This posting is in a series of reflections from my time in Chartres, France.
“You will keep in perfect peace all who trust in you, whose thoughts are fixed on you!” (Isaiah 26:3, NLT)
A labyrinth located in the nave of the Chartres Cathedral serves as a pathway of prayer for believers. It winds back and forth, symbolically representing the many twists and turns throughout our life’s journey. Christians have walked the labyrinth in the Chartres Cathedral to meditate, pray, and seek a closer connection to God for over eight centuries. While walking, believers often experience something that mirrors some aspect of their life, giving them new insight and prompting prayer.
While traversing the winding path over the past two weeks, I have been praying that God would help me to know better what it means to deny myself and to pick up my cross to follow Jesus, as he instructed all of his disciples to do (Mark 8:34). I have been asking Christ to set me free from the fears that have been holding me back from surrendering my will to God’s at a deeper level, and from the distractions and impulses that take me away from the Holy Spirit’s leading.
On one walk, as I approached one of the dozens of hairpin turns on the labyrinth pathway, I suddenly saw a picture of how easily I get off track with my thinking or behavior. For example, I may be thinking about my writing, or my family, or something to do with my work, and suddenly, I’m off rehearsing how someone hurt me or of how I would like to get revenge. Or, I can be doing well with living by my priorities, and then I’ll make some stupid decision that dissipates my energy or health. Or, I’ll feel love and kindness toward someone, only to bite someone else’s head off in the next instant. Or, I’ll be all set to go forward with God’s leading in some important aspect of my life, and then I get cold feet and start to question myself. I let myself get distracted from the calling and opportunity at hand, or my faith wavers, my confidence diminishes, or I start hedging my bets.
The 180 degree turns in the pathway in front of me were suddenly illustrating a troubling aspect of my life that I wished were different. Indeed, my life is full of contradictions and competing values and impulses, and I frustrate myself often (not to mention how I must negatively affect others at times).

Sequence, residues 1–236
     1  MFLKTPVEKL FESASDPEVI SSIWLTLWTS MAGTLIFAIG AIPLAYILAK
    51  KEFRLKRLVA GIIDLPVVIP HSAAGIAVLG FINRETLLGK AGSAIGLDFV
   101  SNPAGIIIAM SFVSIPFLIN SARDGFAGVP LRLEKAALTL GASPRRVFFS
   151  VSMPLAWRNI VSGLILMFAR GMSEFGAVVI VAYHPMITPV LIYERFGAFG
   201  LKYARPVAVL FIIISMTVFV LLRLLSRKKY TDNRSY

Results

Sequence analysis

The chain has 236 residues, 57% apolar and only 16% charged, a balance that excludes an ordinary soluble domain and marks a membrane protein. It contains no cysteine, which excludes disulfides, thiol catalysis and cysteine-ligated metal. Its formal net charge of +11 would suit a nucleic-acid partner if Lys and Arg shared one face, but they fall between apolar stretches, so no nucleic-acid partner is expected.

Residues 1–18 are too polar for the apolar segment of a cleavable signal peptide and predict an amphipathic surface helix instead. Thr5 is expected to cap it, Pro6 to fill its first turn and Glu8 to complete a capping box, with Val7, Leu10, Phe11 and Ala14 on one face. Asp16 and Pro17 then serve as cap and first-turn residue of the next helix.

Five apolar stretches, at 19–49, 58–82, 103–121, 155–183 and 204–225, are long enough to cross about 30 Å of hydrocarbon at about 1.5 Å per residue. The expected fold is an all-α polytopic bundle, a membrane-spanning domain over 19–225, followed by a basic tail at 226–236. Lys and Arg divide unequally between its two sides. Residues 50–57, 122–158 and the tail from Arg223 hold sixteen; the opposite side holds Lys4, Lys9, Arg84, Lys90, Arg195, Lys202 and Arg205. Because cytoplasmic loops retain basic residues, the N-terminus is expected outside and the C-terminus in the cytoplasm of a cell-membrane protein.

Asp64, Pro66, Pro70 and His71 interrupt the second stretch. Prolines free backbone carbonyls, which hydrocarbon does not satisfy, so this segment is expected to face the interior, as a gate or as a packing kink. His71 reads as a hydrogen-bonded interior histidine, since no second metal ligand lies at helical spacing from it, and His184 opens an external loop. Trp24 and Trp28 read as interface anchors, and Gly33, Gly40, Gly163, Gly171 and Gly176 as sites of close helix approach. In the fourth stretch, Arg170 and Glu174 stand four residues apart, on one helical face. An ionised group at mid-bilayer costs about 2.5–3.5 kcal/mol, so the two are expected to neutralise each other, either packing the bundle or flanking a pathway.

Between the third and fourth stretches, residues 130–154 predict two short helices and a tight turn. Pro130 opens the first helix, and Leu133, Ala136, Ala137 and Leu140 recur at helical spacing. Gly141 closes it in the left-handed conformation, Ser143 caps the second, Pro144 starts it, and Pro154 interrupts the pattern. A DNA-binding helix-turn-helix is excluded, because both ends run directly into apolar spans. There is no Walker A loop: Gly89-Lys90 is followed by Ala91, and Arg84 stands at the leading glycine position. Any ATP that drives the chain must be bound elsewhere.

Now, I know my path is going to keep winding back and forth in my life, shifting direction from time to time, but that’s not what I’m concerned about. What I what to know is how can stop letting my “flesh” (sinful impulses and fear) so easily cause me to veer away from the Spirit’s leading onto a path that is contrary to God’s will for me?
As I prayed about these things this past Friday, I realized again that on my own I do not have the power to change my most deep-seated instincts and habits. God has to do the deep inner work within me to set me free and to keep me on the Spirit-led path. Yet, my experience also teaches me that my response to the Spirit and the ways that I order my thinking and living can help.
• The path of the Spirit is pretty well marked out for me—not necessarily all the details, but the character, the spirit, the intention of God’s ways are well known to me. I can consciously remind myself of what I already know to be true.
• I can set out to walk this path every day, and in every circumstance, setting my intention to listen, learn and follow the Spirit.
• I can make a point of not letting other things or people so easily distract (disturb, entice, annoy, consume, intimidate, threaten) me. I will react often, but I can catch myself and ask, “Is this how I want to react?”
• I can choose not to distract myself when I become afraid, anxious, or overwhelmed. I can simply remind myself, “Yes, this task is scary or hard, but the Spirit will show me what most needs to be done, and help me to do it.”
• When I discover that I have taken a sharp turn away from the Spirit’s leading, I can stop, reconnect with God, look around for how to get back on the Spirit-led path again, and start fresh.
• I can focus on walking the path that leads to God, rather than focus on trying to change myself or others. That is, instead of trying to make things happen so much, I can put my energy into connecting with God and letting the needed changes in me and in others flow from the Spirit’s activity.
• I can choose to trust God.
If I close my eyes I can see distinctly the spot on the Chartres Cathedral labyrinth where the Spirit spoke to me about how I am living my life. While, at first, the 180 degree turn painfully illustrated to me how easily I switch directions, change focus, and move out of the Spirit into the flesh in a moment. Yet now this mental picture also depicts how I would like to navigate the twists and turns in life by staying in the Spirit.
I leave today for Africa. I’m a little nervous, but now, after spending time seeking God in prayer, I feel ready. I do not know all of how God intends to use us there, but I’m sure the Holy Spirit is leading us, and will work in us and through us to serve Christ’s purposes. The most important thing is that I stay on the path.
Isaiah said that God would keep in perfect peace those whose minds are steadfastly fixed on God. Focusing on the Spirit-led path before us is what a steadfast mind is all about.
When you feel yourself starting to veer off the path in your mind, heart or behavior, try simply saying to yourself, “Stay on the path.” As your mind and spirit obey your instructions, feel the temptations diminish in power, and the peace within you deepen and strengthen.
What helps you to stay on the path?